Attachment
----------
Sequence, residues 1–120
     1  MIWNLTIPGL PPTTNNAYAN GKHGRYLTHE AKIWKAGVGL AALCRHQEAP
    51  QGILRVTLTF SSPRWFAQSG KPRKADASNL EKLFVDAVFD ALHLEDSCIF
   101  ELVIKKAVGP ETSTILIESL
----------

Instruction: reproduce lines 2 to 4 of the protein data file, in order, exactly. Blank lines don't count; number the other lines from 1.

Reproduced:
     1  MIWNLTIPGL PPTTNNAYAN GKHGRYLTHE AKIWKAGVGL AALCRHQEAP
    51  QGILRVTLTF SSPRWFAQSG KPRKADASNL EKLFVDAVFD ALHLEDSCIF
   101  ELVIKKAVGP ETSTILIESL